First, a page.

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If our escape from sin and its condemnation is by a ransom for Adam's sin, what shall we conclude concerning errors, omissions and transgressions now committed by those who have escaped and who have been JUSTIFIED from Adamic sin? Would not the least sin on our part bring us again under condemnation? And would not this require another sin-offering to ransom us afresh and enable us to again escape from condemnation?

The lack of a reasonable answer to these reasonable questions has confused many on the subject of ransom. They say, If God can and does forgive recent offences without a ransom, why did he not do so with the original offence, the Adamic transgression?

The answer is simple and very clear: Our Lord's sin-offering cancelled fully the Adamic sin and all guilt which came by or through it in any way. Sin, as it is in the world, is entirely traceable to Adam's sin. The impaired moral and physical nature which you received from your parents (and they from them back to Adam) is the fruitful source of your besetments to sin, and the open door by which you are easily assailed by the adversary. Hence, when you would do good, evil is sometimes presented so as to mislead and entice your degenerated nature into sin. This sin is traceable to the Adamic transgression; hence it is covered by the ransom. Whosoever, then, has by faith laid hold upon the ransom and escaped condemnation, finds ample assurance in our Father's word that the blood of Jesus not only covers the sins that are past, but also all those present and future, not willful, but occasioned by the inherited weakness of the flesh.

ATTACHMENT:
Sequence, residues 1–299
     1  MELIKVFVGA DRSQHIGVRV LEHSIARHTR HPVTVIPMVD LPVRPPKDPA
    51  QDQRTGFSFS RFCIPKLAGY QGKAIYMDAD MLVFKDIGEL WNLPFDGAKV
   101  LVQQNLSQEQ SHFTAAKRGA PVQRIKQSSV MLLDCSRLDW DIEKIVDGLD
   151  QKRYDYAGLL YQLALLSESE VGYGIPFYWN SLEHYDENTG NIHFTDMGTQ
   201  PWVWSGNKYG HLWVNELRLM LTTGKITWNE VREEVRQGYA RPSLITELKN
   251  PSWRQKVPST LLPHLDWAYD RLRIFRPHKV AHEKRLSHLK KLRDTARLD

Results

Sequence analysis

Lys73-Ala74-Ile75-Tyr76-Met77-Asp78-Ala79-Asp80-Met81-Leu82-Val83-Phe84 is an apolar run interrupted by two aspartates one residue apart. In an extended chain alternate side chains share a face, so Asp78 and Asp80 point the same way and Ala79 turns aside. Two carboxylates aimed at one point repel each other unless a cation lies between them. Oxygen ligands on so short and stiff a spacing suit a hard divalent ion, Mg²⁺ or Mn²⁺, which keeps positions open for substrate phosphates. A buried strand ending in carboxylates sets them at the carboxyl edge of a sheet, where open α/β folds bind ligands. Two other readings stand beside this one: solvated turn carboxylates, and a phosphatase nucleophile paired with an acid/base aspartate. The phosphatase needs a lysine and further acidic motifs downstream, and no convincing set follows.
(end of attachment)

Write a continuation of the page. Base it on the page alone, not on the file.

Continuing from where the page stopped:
This grand truth is clearly expressed by the Apostle. (1 Jno. 1:7,8.) He is writing of himself and fellow believers, who by faith in Christ have been justified and have escaped the condemnation, and says: "If we say that we have no sin [i.e., actual sin; if we claim that our every word, thought and deed is perfect], we deceive ourselves and the truth is not in us." "But if we walk in the light as he is in the light, we [and Jehovah] have fellowship one with another [God and we], and the blood of Jesus Christ his Son cleanseth us from all sin."

What a beautiful thought—what a glorious truth! Though still actually imperfect, only reckoned righteous, still liable to and sometimes overcome by evil because of inherited weakness, yet, by walking in the light, we may maintain our communion with God, and may realize, on confession, the forgiveness of every sin and that the precious blood—the ransom—keeps us clean from every stain of sin. Thus, and in no other way, can we "keep our garments unspotted from the world. (James 1:27.) Our robes of righteousness presented to us by our Lord as the fruit of his sacrifice, our wedding garment needful to a place at the marriage of the Lamb, would soon be defiled were it not for the continued efficacy of the cleansing blood.

To this, his plan, by which he can be just and yet justify him that believeth, God invites us, saying; "Come, let us reason together [I will make clear and plain to you how]: though your sins be as scarlet, they shall be as white as snow; though they be [deep] red like crimson [a fast color], they shall be as wool." Yes: "The blood of Jesus Christ, his Son, cleanseth us from all sin." (Isa. 1:18; 1 John 1:7.)